Arabs Condemn Demolition Order for Mosques

Palestinian National Authority claims Israeli court order to demolish two illegal mosques is illegal, but chances of it happening are slim.

Contact Editor
Elad Benari, | updated: 05:06

A mosque near Beit El
A mosque near Beit El

The Palestinian National Authority condemned on Monday a decision by Israel to demolish two mosques in Judea and Samaria, which have been illegally built.

One of the mosques is located in an Arab village north of Beit El, and the second one is located near Yitzhar.

The appeal to demolish the mosques was presented to Israel’s Supreme Court by the Regavim advocacy group. According to Attorney Amir Fisher who represents Regavim, the two mosques were built adjacent to housing units in Jewish neighborhoods, making them both illegal as well as a threat to residents’ security.  Regavim's policy is to counter leftist and Arab groups' claims against Jewish construction in Judea and Samaria with evidence of illegal Arab construction.

Fisher said on Monday that building mosques near Jewish neighborhoods is part of the Palestinian Authority’s plan to take over Israeli lands in Judea and Samaria. According to Fisher, this plan is well-known and has been publicly stated in the media by PA Prime Minister Salam Fayad. Fisher explained that part of this plan is to establish large public buildings throughout Judea and Samaria, and later use them in future territorial arguments between Israel and the PA, in order to determine such arguments in a one-sided manner and present Israel with facts on the ground.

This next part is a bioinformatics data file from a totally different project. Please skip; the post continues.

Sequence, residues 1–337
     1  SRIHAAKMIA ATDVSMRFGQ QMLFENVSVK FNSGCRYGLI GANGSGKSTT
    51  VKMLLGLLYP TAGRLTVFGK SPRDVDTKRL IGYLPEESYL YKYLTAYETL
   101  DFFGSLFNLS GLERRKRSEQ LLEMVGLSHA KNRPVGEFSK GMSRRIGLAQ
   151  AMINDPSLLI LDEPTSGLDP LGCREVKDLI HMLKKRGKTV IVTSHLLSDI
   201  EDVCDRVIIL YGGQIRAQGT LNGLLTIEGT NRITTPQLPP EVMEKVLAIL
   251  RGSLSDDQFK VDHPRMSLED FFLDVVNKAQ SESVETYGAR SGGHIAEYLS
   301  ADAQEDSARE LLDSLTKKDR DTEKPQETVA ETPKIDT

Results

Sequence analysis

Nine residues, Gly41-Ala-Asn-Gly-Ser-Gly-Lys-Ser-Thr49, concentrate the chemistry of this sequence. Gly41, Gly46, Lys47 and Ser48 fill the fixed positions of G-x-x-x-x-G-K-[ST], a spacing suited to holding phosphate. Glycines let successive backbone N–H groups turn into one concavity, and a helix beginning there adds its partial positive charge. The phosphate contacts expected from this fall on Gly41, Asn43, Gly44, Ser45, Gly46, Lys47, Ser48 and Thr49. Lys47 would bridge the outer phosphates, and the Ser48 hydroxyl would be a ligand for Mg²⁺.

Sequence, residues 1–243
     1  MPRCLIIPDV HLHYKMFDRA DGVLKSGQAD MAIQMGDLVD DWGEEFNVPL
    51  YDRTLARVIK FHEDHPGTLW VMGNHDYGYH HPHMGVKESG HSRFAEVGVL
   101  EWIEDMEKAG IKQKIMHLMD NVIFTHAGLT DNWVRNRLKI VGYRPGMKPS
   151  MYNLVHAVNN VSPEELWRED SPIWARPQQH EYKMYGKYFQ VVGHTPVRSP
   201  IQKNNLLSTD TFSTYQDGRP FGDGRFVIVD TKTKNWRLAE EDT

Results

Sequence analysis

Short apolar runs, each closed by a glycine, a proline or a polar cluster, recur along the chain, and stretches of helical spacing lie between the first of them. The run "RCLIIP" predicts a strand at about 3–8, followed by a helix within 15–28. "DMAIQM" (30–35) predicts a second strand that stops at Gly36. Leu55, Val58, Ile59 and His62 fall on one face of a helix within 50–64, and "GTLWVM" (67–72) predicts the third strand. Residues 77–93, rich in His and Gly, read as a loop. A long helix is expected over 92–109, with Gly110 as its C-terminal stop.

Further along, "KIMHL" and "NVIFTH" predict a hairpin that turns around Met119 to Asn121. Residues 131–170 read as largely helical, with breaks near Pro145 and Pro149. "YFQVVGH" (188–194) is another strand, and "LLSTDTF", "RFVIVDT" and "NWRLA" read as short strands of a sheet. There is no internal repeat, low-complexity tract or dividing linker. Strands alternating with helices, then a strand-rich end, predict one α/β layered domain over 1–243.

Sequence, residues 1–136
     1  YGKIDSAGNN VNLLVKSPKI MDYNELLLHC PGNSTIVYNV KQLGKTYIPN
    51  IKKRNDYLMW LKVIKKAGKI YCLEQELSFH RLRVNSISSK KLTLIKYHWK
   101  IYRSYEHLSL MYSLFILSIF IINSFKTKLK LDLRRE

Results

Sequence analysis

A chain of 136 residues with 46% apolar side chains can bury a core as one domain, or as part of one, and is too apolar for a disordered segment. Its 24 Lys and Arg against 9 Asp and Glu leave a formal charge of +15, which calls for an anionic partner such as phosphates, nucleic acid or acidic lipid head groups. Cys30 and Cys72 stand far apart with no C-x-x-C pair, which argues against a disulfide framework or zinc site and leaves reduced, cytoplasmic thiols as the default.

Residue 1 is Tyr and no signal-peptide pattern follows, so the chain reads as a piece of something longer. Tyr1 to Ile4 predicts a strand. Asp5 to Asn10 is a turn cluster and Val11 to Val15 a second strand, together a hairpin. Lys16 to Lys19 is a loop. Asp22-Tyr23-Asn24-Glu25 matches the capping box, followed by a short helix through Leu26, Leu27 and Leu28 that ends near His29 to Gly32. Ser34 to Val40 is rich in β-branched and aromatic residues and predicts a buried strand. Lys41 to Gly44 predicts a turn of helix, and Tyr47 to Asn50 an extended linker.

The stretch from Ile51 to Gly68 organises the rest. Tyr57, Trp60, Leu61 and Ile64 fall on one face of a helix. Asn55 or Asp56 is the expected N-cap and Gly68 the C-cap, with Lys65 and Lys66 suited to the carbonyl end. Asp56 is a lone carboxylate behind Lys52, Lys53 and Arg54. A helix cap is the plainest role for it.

Creating facts on the ground was the policy of the Jewish settlement in Yesha (Judea, Samaria and Gaza) as well, but it had no restraining effect on the destruction of Gush Katif in the disengagement expulsion, when synagogues, schools, yeshivas and public buildings were abandoned or destroyed.

He added that in light of the intensive work being carried out these days to complete the construction of the two mosques in question and populate them, there is an urgent need to issue a demolition order prior to completion.

However, PNA Minister of Religious Affairs Mahmoud al-Habash told Voice of Palestine radio on Monday that the Israeli decision to demolish the two mosques is "provocative and illegal."

"Israel is carrying out unilateral provocative steps to obstruct the efforts to resume the peace process and reach a permanent peace agreement with the Palestinians," said al-Habash.

Palestinian Authority Spokesman Dr. Gassan Al Khateeb was quoted as saying that the Israeli strategy is to demolish Arab property and thus make the lives of Arabs more difficult.

"The Palestinian Authority will never sit handcuffed in the face of these Israeli policies. The PA will rebuild whatever the Israelis demolish in our areas including area C," he said.

So far, however, the Beit El mosque has not been destroyed, despite an order two months ago by the Civil Administration to demolish it. In response to Fisher’s appeal, the Civil Administration said that the destruction of the mosque “is in the hands of the decision makers according to the priorities determined by them periodically.”

Fisher said that under said “priorities”, the Civil Administration has refrained from destroying 30,000 Arab buildings which have been built without permits. He believes, and a look at the track record bears him out,  that citing priorities as the determining factor of when the mosque will be destroyed, means that there is no intention of ever destroying it. “The Civil Administration's response indicates contempt towards the petitioners and a complete and unreasonable disregard for their claims of the danger hovering over the residents of the community of Beit El, when construction of the mosque is complete and it is populated,” said Fisher.

Attorney Akiva Sylvetsky, legal advisor to the Shomron Regional Council, noted that when Jewish construction claimed illegal by leftist and Arab groups or built during the 'freeze' is deemed illegal by the court, the priorities issue is almost never raised by the Civil Administration. The fate of the Maale Shomron synagogue ordered to be sealed by the court recently can be a test case in the light of the priorities issue being cited over the mosques.